BOSTON — As scientists race to find a suitable treatment for COVID-19, many doctors are tempted to try using novel therapies to treat their most critically ill patients. Clinicians from Massachusetts General Hospital and Beth Israel Deaconess Medical Center in Boston report that existing therapies for the most severe COVID-19 symptoms are sufficient for treating even the sickest of COVID-19 patients.
The authors of the study are concerned that doctors worldwide are relying on treatment strategies that haven’t been thoroughly investigated for treating their patients that are infected with the SARS-COV-2 virus. The research team, led by C. Corey Hardin, MD, PhD, an Assistant Professor of Medicine at Mass General and Harvard Medical School, thoroughly examined the medical records of the most critically ill COVID-19 patients at the two hospitals.
The analysis includes 66 patients that experienced respiratory failure and had to be placed on mechanical ventilators and treated in the intensive care unit (ICU) of one of the two hospitals between March 11th and March 30th. The results of the analysis show that the most severe COVID-19 cases result in a syndrome called Acute Respiratory Distress Syndrome (ARDS), a life-threatening lung condition that causes the air sacs in the lung to fill with fluid.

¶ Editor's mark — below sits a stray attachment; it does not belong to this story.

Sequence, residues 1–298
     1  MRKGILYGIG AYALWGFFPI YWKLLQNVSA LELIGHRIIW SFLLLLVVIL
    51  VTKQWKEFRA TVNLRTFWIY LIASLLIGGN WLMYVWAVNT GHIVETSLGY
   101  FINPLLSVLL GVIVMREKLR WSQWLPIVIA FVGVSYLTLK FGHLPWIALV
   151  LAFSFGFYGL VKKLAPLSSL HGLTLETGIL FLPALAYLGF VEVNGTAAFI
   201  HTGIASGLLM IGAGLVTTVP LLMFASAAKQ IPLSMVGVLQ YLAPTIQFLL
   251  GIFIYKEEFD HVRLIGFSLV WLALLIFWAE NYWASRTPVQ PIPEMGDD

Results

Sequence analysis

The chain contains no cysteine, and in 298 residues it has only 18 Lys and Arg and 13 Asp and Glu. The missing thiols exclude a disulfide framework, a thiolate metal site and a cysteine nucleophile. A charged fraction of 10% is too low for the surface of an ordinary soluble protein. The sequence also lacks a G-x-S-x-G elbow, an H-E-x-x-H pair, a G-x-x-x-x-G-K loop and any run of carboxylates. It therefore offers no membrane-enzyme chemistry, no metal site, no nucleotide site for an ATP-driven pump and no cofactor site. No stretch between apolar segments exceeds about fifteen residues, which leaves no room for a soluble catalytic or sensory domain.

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“The good news is we have been studying ARDS for over 50 years and we have a number of effective evidenced-based therapies with which to treat it,” says Dr. Hardin in a media release. “We applied these treatments—such as prone ventilation where patients are turned onto their stomachs—to patients in our study and they responded to them as we would expect patients with ARDS to respond.”
There was a fairly low death rate among the 66 patients that were treated using this method — 16.7%. Furthermore, after a follow-up period of at least 30 days 75.8% of these patients had been discharged from the ICU. It seems like using an ARDS treatment strategy is a good way to treat COVID-19 patients that are critically ill.
“Based on this, we recommend that clinicians provide evidence-based ARDS treatments to patients with respiratory failure due to COVID-19 and await standardized clinical trials before contemplating novel therapies,” concludes co–lead author Jehan Alladina, MD, an Instructor in Medicine at Mass General.
The study is published in the American Journal of Respiratory and Critical Care Medicine.
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